In Florida, residents who live in a planned development and who do not pay the required fees/assessments required by the HOA are exposed to the risk of home foreclosure.
In this article, we provide a guide on how to defend against HOA foreclosure in Florida.
Homeowners Association – How Does It Work?
Typically, a development in Florida has common areas (e.g., pools, playgrounds, etc.) that are jointly owned and maintained by the community’s homeowners, who are responsible for all associated costs.
Hence, all associated homeowners need to pay monthly fees (dues) and assessments to the HOA, an acronym for homeowners’ association, as a way to cover all costs.
An individual who purchases a property in development needs to agree with several terms and conditions contained in the development’s governing documents. In Florida, most HOAs are governed by a declaration of Covenants, Conditions, and Restrictions (CC&Rs).
These specific rules govern the community, including fees/assessment policy (e.g., what type of fees an HOA is allowed to charge residents).
HOA Foreclosure in Florida – In Detail
In case someone fails to pay the required fees/assessments, a lien will be attached to the property.
Besides, the HOA also can record the lien with the county recorder to provide public notice that the claim exists (although there is no specific requirement for it).
Once a lien is attached by an HOA on an individual’s property, it will generally incur foreclosure (even in cases where the property owner has paid the mortgage as required).
Unfortunately, many people lose their homes even after leaving a few thousand dollars behind on HOA assessments.
Even though receiving a notice that an HOA began a foreclosure against you is not a positive thing, the ideal approach is to stay calm and not waste time with uncertainty. Seek help with an expert foreclosure attorney to find a defense strategy for your case.
Several potential defenses can be utilized in cases involving HOA foreclosure, including cases in which:
- an HOA charged too much money or charged unreasonable fees,
- an HOA failed to comply with state foreclosure law,
- an HOA misapplied payments done in the past, or
- an HOA failed to record the lien properly.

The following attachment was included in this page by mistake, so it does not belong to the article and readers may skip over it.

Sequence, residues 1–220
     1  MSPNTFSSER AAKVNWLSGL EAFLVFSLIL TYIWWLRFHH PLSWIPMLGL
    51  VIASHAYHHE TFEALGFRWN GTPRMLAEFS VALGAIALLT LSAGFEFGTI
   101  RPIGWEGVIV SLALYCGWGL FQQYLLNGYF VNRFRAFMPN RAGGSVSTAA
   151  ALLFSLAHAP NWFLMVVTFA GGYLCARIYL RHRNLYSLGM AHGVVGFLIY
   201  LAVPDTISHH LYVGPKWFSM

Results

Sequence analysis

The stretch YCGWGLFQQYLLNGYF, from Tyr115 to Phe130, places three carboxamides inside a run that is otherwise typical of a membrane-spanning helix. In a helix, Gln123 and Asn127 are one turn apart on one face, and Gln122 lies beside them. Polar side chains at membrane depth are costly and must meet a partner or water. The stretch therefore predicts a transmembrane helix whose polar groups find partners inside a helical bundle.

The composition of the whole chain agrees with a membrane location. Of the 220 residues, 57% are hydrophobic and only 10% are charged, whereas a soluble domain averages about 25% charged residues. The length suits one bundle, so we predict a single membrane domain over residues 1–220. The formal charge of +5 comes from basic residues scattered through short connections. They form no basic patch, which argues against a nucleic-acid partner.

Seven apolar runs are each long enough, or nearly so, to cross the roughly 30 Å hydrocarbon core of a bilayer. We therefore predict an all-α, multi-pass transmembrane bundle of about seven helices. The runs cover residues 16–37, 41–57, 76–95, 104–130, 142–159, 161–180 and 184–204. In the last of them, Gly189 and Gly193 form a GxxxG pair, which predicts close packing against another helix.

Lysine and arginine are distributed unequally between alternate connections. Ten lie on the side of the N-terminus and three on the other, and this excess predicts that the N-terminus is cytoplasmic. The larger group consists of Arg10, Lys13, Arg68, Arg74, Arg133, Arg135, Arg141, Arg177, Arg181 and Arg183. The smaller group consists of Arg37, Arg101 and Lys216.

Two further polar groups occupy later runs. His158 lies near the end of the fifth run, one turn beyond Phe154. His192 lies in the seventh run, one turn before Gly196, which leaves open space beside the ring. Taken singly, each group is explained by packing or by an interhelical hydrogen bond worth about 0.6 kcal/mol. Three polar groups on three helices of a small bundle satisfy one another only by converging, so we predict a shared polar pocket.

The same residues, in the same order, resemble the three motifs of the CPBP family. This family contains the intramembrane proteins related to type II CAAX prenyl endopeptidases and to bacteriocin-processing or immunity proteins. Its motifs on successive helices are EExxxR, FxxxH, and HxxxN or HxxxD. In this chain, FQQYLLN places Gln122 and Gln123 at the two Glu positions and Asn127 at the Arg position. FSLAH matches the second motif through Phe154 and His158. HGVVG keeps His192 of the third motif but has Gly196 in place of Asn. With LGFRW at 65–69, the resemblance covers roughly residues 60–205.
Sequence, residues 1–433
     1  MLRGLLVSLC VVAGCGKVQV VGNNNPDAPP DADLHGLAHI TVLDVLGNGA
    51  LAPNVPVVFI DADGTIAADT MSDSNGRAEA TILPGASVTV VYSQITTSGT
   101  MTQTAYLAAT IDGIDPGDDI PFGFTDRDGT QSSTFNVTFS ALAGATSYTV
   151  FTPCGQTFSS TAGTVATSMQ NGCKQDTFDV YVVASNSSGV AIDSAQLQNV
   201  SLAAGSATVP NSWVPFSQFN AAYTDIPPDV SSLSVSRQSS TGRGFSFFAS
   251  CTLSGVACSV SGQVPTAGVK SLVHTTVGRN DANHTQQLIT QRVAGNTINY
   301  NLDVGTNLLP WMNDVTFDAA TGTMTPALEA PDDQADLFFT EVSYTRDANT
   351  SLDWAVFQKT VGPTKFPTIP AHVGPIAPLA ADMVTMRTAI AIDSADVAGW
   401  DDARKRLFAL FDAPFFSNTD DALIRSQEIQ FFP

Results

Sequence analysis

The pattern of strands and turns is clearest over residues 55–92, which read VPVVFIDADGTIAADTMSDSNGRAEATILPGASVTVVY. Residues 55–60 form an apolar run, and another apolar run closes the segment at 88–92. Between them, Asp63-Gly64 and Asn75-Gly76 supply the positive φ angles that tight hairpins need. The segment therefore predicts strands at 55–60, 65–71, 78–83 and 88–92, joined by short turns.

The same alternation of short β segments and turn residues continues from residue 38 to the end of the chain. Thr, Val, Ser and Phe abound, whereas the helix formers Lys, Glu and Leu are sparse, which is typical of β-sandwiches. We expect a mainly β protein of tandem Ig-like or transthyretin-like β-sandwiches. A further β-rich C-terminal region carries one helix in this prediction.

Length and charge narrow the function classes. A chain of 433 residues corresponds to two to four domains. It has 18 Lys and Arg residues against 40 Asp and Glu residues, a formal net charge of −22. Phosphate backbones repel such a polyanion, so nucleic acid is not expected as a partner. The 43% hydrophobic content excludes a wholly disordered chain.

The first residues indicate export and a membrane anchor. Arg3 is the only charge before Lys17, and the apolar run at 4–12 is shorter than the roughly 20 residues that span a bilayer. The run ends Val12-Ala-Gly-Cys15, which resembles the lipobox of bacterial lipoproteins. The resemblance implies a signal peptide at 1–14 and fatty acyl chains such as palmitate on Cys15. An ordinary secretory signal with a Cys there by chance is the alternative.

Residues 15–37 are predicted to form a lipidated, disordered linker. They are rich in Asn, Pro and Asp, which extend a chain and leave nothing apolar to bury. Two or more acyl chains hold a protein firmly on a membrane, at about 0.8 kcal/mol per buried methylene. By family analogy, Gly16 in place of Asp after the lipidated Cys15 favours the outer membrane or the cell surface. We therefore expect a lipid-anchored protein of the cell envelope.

Other common defenses include situations in which the CC&Rs do not authorize the HOA’s charges or do not authorize the HOA to foreclose a property.
Potential Defenses Against HOA Foreclosure in Florida
When an HOA Is Not Authorized by CC&Rs to Foreclose
Commonly, any CC&R governing an HOA must contain certain provisions to provide how and when the association may foreclosure an individual’s property. It is not uncanny to see HOAs trying to foreclosure a property despite provisions in the CC&R not authorizing foreclosure.
When the CC&Rs Do Not Authorize the Assessments
Unfortunately, another common mistake made by HOAs is to assess a charge that the CC&Rs did not authorize. Any property liens or attempts to foreclosure resulting from an unauthorized charge are not valid and cannot be enforced by an HOA against the property’s owner.
Incorrect Accounting and Unreasonable Charges
In some cases, a lien placed by an HOA is invalid because the association is incorrect. If an individual has evidence that an HOA has improperly calculated the assessments and files for justice in court, the HOA has the burden to show how all amounts were calculated (assessments, late fees, interest, fines, etc.).
Also, the HOA needs to demonstrate that all values are correct and have ground provided by the CC&Rs.
Another common situation involves HOA foreclosure resulting from unreasonable charges. All fines, interest, and fees assessed by an HOA must be reasonable. Otherwise, the court might decide the charges are not valid.
When an HOA Fails to Record the Lien Properly
It is possible to utilize the failure of an HOA to record a lien properly as a defense against foreclosure in Florida.
Regardless of the situation, a lien must be properly recorded in the county records to be considered valid. In a case an HOA fails to do so by improperly recording a lien on an individual’s home, or does not record the lien at all, the affected party may utilize it as a defense against foreclosure.
When an HOA Fails to Comply with the Assessment Lien Foreclosure Statutes
In Florida, any HOA that fails to comply with the state statutory requirements regarding foreclosure may not be successful in its attempt to attach a lien and enforce foreclosure against an individual’s property.
In case an HOA prematurely starts a foreclosure, the affected party can raise the failure to comply with state statutory requirements as a defense in court.